We’re all contributing to the new magnum of journalism–grassroots journalism–whether we are actively creating content or we are participating in the strata by reading blogs online. In Dan Gillmor’s We The Media: Grassroots Journalism By The People, For The People, Gillmore argues that blogs and instant news really got to a whole new level during and after 9.11.01. While citizen journalism was prevalent before the attacks on the Twin Towers, the devastating events on that day made people across all levels of society require news instantaneously.

wethemedia1.jpg

Blogs have changed our culture and general news consumption. Everyone from news outlets to politicians to celebrities understand the power of the blog, and its importance in our society today. While websites were once standard on the online forum, blogs have become the new standard. Gawker and Wonkette supply local gossip for New York and Washington respectfully, while even The New York Times has a tracker function that lists the most popular articles that have been linked in blogs as determined by blogrunner.com.

While Gillmor states that CNN refused to use blogs on their website, their website almost functions as a blog in and of itself–it is constantly updated with information, videos, content, and comments. A spokesman for CNN said that “CNN.com prefers to take a more structured approach to presenting the news. We do not blog. CNN.com will continue to provide photo galleries, video clips, breaking stories and interactive modules as a way to involve readers in learning about the war” (Gillmor, p. 116).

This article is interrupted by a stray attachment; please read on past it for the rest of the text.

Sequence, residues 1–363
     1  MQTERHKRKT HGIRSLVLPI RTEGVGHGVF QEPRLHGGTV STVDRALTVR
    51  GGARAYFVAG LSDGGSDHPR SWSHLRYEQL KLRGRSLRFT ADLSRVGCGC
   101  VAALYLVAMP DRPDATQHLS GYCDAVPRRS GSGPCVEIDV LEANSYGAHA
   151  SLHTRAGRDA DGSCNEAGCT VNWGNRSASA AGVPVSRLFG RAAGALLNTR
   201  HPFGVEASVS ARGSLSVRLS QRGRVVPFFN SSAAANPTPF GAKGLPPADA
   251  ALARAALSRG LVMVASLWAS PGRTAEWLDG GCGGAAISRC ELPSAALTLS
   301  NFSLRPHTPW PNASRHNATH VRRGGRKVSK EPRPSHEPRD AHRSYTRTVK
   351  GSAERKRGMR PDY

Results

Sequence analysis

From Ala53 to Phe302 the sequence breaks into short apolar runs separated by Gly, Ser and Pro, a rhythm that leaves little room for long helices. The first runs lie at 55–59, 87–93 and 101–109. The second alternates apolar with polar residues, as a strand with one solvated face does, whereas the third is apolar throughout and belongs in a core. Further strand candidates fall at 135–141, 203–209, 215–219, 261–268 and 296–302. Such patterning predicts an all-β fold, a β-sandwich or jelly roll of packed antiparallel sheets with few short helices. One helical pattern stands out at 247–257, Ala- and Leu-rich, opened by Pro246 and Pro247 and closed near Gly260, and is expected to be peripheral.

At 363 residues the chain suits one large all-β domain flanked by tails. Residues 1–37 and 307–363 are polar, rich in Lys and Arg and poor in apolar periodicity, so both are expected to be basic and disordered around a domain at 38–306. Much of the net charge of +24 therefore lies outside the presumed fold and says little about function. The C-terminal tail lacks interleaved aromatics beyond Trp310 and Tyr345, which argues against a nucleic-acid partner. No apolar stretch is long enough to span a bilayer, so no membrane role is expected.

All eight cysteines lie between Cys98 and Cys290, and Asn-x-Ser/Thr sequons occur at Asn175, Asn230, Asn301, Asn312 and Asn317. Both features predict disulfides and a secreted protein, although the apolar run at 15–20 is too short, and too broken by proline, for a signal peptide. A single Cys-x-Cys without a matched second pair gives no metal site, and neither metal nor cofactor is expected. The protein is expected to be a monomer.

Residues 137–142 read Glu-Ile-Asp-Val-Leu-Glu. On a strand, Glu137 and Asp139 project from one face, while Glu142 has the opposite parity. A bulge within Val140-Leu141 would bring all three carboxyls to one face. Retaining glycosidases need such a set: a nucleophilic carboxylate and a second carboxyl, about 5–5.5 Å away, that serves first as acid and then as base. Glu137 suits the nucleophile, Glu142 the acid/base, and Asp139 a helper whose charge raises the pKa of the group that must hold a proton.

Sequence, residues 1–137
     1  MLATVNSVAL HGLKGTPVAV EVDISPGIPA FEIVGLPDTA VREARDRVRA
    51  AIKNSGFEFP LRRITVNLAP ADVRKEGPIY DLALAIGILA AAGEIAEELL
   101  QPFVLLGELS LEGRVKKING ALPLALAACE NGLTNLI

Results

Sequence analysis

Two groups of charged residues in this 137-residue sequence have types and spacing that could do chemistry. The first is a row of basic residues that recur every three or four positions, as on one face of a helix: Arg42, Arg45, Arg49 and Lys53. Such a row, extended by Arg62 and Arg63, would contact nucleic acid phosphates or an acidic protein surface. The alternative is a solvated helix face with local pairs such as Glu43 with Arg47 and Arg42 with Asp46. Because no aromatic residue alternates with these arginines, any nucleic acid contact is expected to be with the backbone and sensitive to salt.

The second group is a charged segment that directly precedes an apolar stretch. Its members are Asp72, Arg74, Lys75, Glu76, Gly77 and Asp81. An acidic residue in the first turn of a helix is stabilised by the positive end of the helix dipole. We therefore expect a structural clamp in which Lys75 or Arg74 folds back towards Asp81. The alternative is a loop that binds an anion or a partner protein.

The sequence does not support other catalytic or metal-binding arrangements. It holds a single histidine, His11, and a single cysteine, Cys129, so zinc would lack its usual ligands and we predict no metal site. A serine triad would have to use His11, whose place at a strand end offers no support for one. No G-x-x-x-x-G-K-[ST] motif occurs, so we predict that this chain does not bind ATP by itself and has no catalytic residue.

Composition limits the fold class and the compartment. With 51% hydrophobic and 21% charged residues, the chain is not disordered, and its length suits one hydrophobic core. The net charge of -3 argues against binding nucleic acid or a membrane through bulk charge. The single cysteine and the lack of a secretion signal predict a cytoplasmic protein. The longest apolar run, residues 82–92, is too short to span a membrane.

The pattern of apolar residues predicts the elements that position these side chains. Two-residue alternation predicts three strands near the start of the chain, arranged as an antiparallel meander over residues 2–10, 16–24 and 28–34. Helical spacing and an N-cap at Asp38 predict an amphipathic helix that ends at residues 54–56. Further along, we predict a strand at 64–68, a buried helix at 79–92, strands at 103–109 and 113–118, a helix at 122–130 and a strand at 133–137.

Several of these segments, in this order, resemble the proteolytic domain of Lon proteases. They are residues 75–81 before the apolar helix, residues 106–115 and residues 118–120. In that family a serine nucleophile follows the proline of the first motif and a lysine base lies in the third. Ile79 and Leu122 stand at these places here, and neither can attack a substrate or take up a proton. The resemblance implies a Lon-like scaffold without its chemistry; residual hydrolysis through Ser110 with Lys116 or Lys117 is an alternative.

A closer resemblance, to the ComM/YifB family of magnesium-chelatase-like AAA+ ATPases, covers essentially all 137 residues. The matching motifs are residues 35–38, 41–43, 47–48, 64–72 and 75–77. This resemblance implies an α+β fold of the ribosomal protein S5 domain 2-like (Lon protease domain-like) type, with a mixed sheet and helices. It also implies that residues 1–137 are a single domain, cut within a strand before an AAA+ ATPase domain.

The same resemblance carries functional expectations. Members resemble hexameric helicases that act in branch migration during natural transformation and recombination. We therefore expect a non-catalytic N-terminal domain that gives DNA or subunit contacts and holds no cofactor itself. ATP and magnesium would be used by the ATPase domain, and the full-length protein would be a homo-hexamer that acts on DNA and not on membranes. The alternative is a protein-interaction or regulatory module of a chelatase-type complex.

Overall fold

….Sounds an awful lot like a blog to me (maybe minus actual commentary an partisanship). Gillmor argues that the outright denouncement of blogging held in jeopardizing the network’s online reputation.

CNN recovered by finally succumbing to the flourishing trend of blogs. There is now a special section on their website which lists their current blogs–I counted seventeen blogs on their website today, and I’m sure many others will follow in the future. These blogs include Anderson Cooper’s, Dr. Sanjay Gupta’s, and a Political Ticker. In addition to meeting those demands, CNN also has a list of podcasts, RSS Feeds, and CNN Mobile and Radio options.

And now with a simple WordPress account, almost anybody can be a blogger. A great example of a blogger-turned-journalist is Perez Hilton–a virtual nobody two years ago, he has turned himself into somebody that all the celebrities fear. He loves getting the rumor mill started and takes pride in pushing the envelope.

With the blurred line between journalists and bloggers, however, would bloggers really be able to call themselves a journalist? Would they be able to attend press events under the label of “journalist”? Are they that readily acceptable at mainstream events yet? It’s a big gray area right now that seems to become less and less defined as more and more bloggers sign up for blog accounts every day. These are questions that have been raised that Gillmor does not entirely investigate in his book. What he does argue, however, is that an education in journalism does not mean what it once did (p. 131). Thanks to blogging, journalism is an ever changing institution with diminishing barriers and increased possibilities.

Advertisements